Why do so many people die of viruses each year? wondered then-fourteen-year-old Anika Chebrulo. While recovering in bed from her own severe case of flu in 2019, the 8th grader from Frisco, Texas decided to learn more. Her question led to the discovery of a possible therapy for COVID-19.
Learning and Entry
Once recovered, she immersed herself in researching influenza, the 1919 Flu Pandemic, and the history of pandemics and drug discoveries. She was shocked to discover that about half a million people still die from influenza each year worldwide.
Fascinated, she used this topic for a school project. During this investigation, Anika learned to use her computer to power her biological research through the use of databases, graphics, and simulation tools. Her school project succeeded so well she entered it in the 3M Discovery Education Young Scientist Challenge (YSC).
Anika was pleasantly surprised when the judges selected her as one of the YSC finalists. The contest provided a mentor to each finalist, and everyone would have the summer to finish up their research before the finals in Minnesota in the fall. Anika and her 3M mentor carefully planned out her summer research. Following her mentor’s advice, Anika shifted from studying influenza to studying COVID-19. This new virus, 10 times more lethal than the common flu viruses, was rapidly emerging as a global pandemic and seemed out of control. She decided to tackle this new big problem and use the skills she learned in her earlier school project. “I was amazed at how you can use computational methods to identify potential antivirals against viruses and pandemics.” She spent the entire summer before the 3M finals on her computational research.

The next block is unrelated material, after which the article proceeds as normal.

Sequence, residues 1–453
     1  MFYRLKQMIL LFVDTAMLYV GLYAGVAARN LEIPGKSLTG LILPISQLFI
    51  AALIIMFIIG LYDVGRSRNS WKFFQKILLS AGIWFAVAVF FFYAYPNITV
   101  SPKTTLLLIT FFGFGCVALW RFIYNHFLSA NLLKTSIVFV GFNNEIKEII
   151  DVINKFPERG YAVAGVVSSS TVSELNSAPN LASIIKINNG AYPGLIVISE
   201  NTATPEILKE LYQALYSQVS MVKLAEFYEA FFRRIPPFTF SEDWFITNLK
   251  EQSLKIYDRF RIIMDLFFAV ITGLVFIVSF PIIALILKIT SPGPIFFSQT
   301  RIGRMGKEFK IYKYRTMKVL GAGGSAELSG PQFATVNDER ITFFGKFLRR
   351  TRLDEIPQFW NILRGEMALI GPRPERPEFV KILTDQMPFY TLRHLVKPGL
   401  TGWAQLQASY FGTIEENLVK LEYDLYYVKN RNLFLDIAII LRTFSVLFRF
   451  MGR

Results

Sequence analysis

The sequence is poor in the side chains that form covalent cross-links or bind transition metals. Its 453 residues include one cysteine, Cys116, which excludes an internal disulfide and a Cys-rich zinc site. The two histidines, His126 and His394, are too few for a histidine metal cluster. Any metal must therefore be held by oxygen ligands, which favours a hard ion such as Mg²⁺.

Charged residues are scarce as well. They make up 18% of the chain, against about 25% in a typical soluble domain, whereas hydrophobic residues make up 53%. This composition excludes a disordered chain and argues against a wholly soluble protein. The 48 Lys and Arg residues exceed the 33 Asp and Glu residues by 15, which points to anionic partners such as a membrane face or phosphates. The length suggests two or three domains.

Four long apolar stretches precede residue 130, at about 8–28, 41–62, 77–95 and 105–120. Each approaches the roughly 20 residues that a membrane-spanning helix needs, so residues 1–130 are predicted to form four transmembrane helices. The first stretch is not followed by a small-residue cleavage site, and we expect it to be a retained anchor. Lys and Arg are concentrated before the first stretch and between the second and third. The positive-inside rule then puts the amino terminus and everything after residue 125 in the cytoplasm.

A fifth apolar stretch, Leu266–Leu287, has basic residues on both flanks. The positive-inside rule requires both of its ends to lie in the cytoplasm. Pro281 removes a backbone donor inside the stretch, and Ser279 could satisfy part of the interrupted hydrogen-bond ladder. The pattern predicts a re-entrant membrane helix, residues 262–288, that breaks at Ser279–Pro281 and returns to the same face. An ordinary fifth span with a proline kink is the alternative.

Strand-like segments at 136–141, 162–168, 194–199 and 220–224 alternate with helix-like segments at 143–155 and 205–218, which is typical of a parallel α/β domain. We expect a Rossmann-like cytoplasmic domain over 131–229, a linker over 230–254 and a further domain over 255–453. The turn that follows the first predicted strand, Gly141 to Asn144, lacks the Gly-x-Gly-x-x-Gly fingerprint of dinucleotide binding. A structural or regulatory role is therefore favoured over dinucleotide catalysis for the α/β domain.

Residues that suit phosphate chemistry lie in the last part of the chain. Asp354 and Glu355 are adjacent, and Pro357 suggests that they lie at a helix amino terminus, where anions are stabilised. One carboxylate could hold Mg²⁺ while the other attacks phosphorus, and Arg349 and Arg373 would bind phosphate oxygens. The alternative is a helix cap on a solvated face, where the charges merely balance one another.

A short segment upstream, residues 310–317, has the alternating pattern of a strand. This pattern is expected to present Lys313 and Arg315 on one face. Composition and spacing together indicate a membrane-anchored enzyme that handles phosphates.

Eureka and Winning 3M
At the end of a long busy summer and much consultation with her mentor, Anika presented her research to the 3M Discovery Education YSC judges. Her fast-paced and confident presentation described her idea and her research process.
She was careful to point out the need for verification and further testing needed before the molecule she identified could become a medical therapy. After her presentation, the judges peppered her with detailed questions to test the depth of her knowledge about medical research. At the final dinner, the judges announced Anika as the Young Scientist of the Year.
Now Back Home
Anika plans to use part of her $25,000 prize money to further her research. She is eager to collaborate with other scientists on further development of a treatment for COVID-19. After college, she wants to conduct medical research and teach at a university.
Science captured her interest from an early age. One of her first memories was making Epsom salts crystals with her grandfather. Over the summer following her win, Anika and her brother started a nonprofit called Academy Aid to “promote more STEM learning for underrepresented children who don’t have the same opportunities that I did.”
Anika names Marie Curie as an exceptional woman in science she admires because Curie triumphed over marginalization in the male-dominated world of science. “Being a woman in science is not easy,” she says, “because many people look down on us and think we’re not good enough just because we’re females.” Anika is helping smash that false and damaging stereotype.
Next week’s post will recount the how Anika’s research uncovered this promising molecule for treating COVID-19.
Read more about students like Anika Chebrolu who are changing the world in my new book Teen Innovators: Nine Young People Engineering a Better World with Creative Inventions.